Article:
We now have the full story in the stack trace. We can see that the exception originated from the `DoSomething()` method and passed through the `Run()` method into `Main()` - much more helpful when debugging.

I don’t see any situation when using `throw e;` would be of any use at all. If you wanted to hide the stack trace then you would typically be throwing a completely new exception anyway - with a new message and perhaps other information to pass to the caller. If you didn’t want to hide the stack trace then throw; is the statement to use. Resharper even sees `throw e;` as a problem and tries to replace it with the simple throw;.

Even so I bet this mistake has been made a lot of times by a lot of people. So remember if you are wanting to re-throw an exception, never use throw e; as it will loose your stack trace. Instead always use `throw;`.

# C# - String concatenation instead of StringBuilders

In C# when you concatenate two strings together you are implicitly creating a lot of strings in memory - more than you would have thought. For example consider the code:

Behind the scenes new strings are created for each portion of the resulting string in completely different memory locations through inefficient copy operations. So in total in this one line we have created: `1. "foo" 2. "bar" 3 "baz" 4 "foo bar" 5. "foo bar baz"` In just one seemingly simple concatenation loop 5 strings have been created which of course is wildly inefficient. The problem gets a lot worse when you end up concatenating hundreds of strings together in a loop like this. The solution is to use `StringBuilders`. The above code is converted into:

Using this method is a lot more efficient thanks to the fact that `StringBuilders` keep the same position in memory for their strings and do not perform inefficient copy operations each time a new string is appended (for example number 4 from above would not be created in a completely separate memory location). This makes `StringBuilders` very useful when concatenating many strings at once. But that doesn’t mean go replace all of your string concatenation code with StringBuilders right away. There are some situations where explicitly using a StringBuilder can make the situation worse. For example:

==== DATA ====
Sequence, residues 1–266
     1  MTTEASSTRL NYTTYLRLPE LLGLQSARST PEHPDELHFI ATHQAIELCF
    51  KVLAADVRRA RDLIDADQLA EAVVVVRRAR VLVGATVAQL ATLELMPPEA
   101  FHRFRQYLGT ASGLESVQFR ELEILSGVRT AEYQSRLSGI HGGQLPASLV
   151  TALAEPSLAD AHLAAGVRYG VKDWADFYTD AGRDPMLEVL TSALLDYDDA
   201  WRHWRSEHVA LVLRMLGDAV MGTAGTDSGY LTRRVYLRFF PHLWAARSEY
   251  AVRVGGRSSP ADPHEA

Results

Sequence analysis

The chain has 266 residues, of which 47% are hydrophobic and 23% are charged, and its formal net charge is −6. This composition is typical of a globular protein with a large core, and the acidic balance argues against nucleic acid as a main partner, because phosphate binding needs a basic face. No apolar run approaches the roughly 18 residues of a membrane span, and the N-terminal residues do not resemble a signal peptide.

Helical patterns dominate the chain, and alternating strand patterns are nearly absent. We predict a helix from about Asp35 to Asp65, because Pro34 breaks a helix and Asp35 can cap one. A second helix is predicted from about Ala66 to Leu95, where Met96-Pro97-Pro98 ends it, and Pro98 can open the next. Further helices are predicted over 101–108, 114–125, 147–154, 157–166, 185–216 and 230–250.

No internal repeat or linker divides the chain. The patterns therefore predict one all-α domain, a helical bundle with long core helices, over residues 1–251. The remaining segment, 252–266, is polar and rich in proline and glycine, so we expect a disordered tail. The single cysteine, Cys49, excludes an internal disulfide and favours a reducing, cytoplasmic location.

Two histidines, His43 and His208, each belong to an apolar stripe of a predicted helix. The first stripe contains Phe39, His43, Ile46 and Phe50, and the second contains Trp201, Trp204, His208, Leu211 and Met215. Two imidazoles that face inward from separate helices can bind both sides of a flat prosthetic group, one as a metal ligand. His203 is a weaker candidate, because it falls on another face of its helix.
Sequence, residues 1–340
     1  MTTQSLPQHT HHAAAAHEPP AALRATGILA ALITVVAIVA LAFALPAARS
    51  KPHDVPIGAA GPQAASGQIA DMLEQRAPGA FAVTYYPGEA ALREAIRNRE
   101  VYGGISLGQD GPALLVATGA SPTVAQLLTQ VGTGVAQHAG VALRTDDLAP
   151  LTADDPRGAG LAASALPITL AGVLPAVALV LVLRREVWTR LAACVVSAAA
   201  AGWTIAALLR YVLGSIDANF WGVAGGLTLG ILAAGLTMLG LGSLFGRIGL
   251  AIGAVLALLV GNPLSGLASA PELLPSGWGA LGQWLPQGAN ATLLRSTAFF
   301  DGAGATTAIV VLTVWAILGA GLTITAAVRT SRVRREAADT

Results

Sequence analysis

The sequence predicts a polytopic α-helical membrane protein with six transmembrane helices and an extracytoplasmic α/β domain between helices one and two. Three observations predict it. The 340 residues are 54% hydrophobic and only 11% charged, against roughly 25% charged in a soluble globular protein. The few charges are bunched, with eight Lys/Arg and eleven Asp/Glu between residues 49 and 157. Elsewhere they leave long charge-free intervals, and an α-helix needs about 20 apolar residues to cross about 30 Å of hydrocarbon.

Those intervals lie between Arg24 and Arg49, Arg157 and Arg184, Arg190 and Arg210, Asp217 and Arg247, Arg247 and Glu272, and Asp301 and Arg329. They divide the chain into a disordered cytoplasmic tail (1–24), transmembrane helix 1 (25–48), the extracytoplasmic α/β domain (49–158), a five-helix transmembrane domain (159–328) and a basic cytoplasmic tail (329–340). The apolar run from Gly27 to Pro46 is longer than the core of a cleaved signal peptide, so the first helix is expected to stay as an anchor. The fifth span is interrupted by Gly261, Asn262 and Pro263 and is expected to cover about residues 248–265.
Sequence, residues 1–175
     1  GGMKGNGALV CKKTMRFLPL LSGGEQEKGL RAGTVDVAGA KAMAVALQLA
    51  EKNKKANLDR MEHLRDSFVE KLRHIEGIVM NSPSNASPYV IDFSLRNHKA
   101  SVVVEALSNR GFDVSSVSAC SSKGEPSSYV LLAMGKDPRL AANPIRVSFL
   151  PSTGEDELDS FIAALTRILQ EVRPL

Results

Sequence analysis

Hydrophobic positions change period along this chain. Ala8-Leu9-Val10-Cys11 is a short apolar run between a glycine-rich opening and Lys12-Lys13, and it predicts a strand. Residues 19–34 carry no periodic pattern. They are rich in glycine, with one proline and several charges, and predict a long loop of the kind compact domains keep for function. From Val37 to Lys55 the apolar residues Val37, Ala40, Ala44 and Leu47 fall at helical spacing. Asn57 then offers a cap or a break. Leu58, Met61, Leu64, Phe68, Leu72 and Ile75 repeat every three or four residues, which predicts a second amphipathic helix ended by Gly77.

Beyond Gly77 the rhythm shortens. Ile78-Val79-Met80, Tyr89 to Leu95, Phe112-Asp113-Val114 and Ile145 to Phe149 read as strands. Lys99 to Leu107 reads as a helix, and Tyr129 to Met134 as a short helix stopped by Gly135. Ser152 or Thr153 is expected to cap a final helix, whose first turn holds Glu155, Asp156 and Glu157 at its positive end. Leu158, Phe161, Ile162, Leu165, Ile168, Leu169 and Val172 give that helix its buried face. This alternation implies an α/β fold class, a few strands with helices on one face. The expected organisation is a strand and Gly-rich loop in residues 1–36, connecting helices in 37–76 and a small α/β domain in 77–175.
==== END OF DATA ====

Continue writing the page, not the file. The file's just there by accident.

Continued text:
You might think that this suffers with the same inefficiencies as in the first example but in fact it doesn’t at all. The difference is that compile-time concatenations (which is what’s happening here) are automatically translated by the compiler into the appropriate calls to `String.Concat()` (which is the fastest way). Adding a `StringBuilder` would essentially be ruining the optimisations made by the compiler. The use of `StringBuilder` should be reserved to building complex strings at runtime - not replacing compile time concatenations.

# C# - Casting with (T) vs. as (T)

In C# there are two methods for casting:

1. `(T)` works with both value and reference types. It casts the object to `T`, and throws an `InvalidCastException` if the cast isn’t valid.
e.g -; `Foo obj = (Foo) bar;`
2. `as (T)` works only with reference types. It returns the object casted to `T` if it succeeds, and `null` if the cast isn’t valid.
e.g -;

The question therefore is which one should be used where?

Using `(T)` means that you fully expect the cast to succeed. If it doesn’t succeed then there is an error in the code that needs looking at.

Using `as (T)` on the other hand means that you do not fully expect the cast to succeed in every case. It is considered normal behaviour if the cast did not succeed and this would be taken care of through a null check afterwards.

The only mistake is when you use `as (T)` but do not follow it up with a null check. The developer fully expects the cast to succeed so doesn’t write the null check. However later down the line when something goes wrong, no exception is thrown on the invalid cast, no null check is performed, and you have yourself a bug that is hard to track down. It is best to always use the regular cast `(T)` unless you intend to check yourself for the invalid cast via `as (T)` and a null check afterwards.